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Third-generation driver Ryan Kuhn won his first Late Model championship in 2018 at Seekonk Speedway. (Jill Amorin/Pit Row Photos)

Ryan Kuhn & Josh Hedges Become First Time Champions at Seekonk


SEEKONK, Mass. — While two veterans added another championship trophy to their resume this season, Seekonk Speedway also welcomed two drivers to the head table for the first time in NASCAR Whelen All American Series competition.

Third-generation driver Ryan Kuhn, of Bridgewater, Massachusetts, captured the Late Model championship, adding to his family legacy, while starting to build his own resume. In the Sport Truck division, Josh Hedges used four feature wins, including a checkered flag on final points night, to capture his first title in the Division IV class.

Kuhn followed in the path of his father, Jimmy, a successful racer in his own time. With consistency throughout the season, including accomplishing three straight feature wins at one point, one would have thought Kuhn would have pulled away in the standings. However, the battle went down to the final few laps of the season, with Kuhn defeating 2017 champion Ryan Lineham by just 10 points.

After dominating the Legends Cars division, he moved to the Late Models in 2016, and won the championship in his second season.

“It feels amazing, it means more than anything to me,” Kuhn said. “I’ve worked so hard these last couple of years. We definitely fixed a lot of the setup from last year and it really helped into this year.”

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Josh Hedges took home the Sports Truck division at Seekonk Speedway. (Ed St Germain/Pit Row Photos)

While the championship chase went down to the final laps in the Sports Truck division, Josh Hedges wasn’t going to be denied. Following a disqualification on the final night for a fellow competitor, Hedges ended the season up by 12 points on Mike Duarte, who won his first championship in 2017.

“Hats off to Rob Murray, without him, this truck wouldn’t be like this,” Hedges said after winning on the final night. “For the last three years, he’s taught me everything I know about these trucks. I just can’t thank all of my guys enough for their help.”

The Division I Pro Stock drivers found themselves chasing David Darling once again this year. Darling, who picked up his second straight championship, added his name to a short list of drivers who have six or more titles at the third-mile. He joins Seekonk Wall of Fame member Vinnie Annarummo and current competitor Fred Astle Jr., with six championships, while Gerry DeGaspere Jr., who competes in the Late Model division, leads with seven.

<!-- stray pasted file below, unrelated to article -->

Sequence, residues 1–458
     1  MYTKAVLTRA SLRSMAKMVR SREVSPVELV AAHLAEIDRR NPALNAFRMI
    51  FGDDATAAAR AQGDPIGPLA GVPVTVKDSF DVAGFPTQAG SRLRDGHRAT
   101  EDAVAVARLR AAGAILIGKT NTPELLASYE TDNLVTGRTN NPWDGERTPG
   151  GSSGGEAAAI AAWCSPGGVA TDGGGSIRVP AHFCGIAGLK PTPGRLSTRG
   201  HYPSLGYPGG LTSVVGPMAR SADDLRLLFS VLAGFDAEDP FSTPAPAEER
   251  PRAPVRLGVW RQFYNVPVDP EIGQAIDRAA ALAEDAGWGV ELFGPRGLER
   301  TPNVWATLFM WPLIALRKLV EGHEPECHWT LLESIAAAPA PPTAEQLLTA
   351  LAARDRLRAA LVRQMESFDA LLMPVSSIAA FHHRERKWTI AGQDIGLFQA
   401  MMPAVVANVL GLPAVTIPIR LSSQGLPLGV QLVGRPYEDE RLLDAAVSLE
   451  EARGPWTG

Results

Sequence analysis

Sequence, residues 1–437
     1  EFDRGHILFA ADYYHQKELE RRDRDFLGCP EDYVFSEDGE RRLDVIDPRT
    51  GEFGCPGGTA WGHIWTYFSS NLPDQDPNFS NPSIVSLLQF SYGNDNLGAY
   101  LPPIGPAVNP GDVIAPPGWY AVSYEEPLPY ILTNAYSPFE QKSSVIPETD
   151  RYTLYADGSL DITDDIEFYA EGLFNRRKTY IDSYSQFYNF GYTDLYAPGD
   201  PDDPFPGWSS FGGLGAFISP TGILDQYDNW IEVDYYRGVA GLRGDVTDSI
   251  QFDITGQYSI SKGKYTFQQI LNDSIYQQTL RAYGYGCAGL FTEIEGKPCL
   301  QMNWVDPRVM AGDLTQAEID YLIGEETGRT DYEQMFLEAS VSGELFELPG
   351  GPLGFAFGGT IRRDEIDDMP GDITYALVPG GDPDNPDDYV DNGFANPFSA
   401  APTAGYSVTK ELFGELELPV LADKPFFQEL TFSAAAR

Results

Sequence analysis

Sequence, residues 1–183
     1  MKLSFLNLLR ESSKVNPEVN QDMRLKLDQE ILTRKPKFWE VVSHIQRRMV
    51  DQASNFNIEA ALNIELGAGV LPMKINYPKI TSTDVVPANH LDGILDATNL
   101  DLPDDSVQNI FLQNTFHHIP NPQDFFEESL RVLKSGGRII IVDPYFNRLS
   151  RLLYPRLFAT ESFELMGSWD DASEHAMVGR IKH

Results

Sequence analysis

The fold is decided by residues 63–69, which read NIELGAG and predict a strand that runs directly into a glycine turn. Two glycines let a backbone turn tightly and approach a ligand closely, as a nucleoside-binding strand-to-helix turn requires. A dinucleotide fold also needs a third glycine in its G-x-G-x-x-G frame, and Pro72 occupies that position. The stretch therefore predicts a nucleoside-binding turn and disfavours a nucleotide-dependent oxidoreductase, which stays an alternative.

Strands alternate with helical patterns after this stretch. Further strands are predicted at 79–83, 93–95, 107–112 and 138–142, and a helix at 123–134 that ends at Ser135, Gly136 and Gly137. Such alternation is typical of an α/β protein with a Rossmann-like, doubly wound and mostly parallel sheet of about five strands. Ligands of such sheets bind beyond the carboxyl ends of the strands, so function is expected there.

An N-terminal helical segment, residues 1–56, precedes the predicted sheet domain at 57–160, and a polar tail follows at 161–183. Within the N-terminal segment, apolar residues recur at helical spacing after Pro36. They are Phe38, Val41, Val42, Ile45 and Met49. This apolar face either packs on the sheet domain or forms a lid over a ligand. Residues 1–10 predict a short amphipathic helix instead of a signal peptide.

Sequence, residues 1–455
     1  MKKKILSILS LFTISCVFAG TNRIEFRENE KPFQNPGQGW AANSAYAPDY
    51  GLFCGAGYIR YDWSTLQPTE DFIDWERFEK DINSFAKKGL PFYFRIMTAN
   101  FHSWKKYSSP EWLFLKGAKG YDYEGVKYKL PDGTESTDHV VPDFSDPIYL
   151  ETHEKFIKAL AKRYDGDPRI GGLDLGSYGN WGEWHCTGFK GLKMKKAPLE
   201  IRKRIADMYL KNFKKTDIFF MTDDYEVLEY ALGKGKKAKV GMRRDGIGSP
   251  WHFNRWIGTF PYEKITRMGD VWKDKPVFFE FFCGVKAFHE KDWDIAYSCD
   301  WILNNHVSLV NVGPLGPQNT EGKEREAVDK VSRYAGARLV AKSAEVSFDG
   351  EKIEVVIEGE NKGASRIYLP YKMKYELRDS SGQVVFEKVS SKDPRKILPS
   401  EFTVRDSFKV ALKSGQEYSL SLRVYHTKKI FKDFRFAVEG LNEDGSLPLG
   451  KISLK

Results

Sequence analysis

After winning eight races last season and dominating the division, Darling found himself in the middle of a tight battle with eventual Rookie of the Year Jake Johnson heading into the final few weeks. After being involved in a few wrecks just before the finale, Darling was forced to race for the win on the final night, without having the luxury of riding around seeking points.

In Darling style, he finished second in the finale, while Johnson wrecked. With a 30 point gap in the final standings, Darling captured another title driving the same No. 52 Johnson’s Landscaping Pro Stock he has driven since day one. With the support of crew chief Jeff Belyea, and longtime crew chief Ronnie Pond, Darling hoisted another trophy.

Even though it may have looked easy for the second straight year, Darling knows the difficulty surrounding competing for checkered flags at the cement palace.

“That’s the goal every year,” Darling said. “These guys work hard. It takes a team, and there a lot of days in the shop, especially if you wreck. You have to try to figure out how to go faster, and get the car more consistent. It costs money, and time, and there is definitely a lot to it. It is definitely complicated.”

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David Darling won Seekonk Speedway’s Division I Pro Stock for the sixth time. (Jill Amorin/Pit Row Photos)

Joining in with Darling, Paul Lallier added another championship trophy to his name in the Sportsman division, one that will be his last. Shortly after clinching the trophy, an emotional Lallier announced to fans that he will not be competing for points going forward, and will just run select events.

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Paul Lallier announced his retirement from full-time racing after his Sportsman title at Seekonk Speedway in 2018. (Tom Morris/Pit Row Photos)

Lallier had to hold off Scott Bruneau, a multiple-time champion in his own right, in order to win. He beat Bruneau by just 18 points in a division that saw various different winners, but a constant battle between Lallier, Bruneau, Sparky Arsenault and Kyle Casper throughout the season.

“At the beginning of the season, I wasn’t even going to run the whole year, but my son talked me into it,” Lallier said. “I really appreciate everyone all of the years I have been here. I was so nervous going into the race, I had never been in that close of a points race. I just wanted to end my career on top.”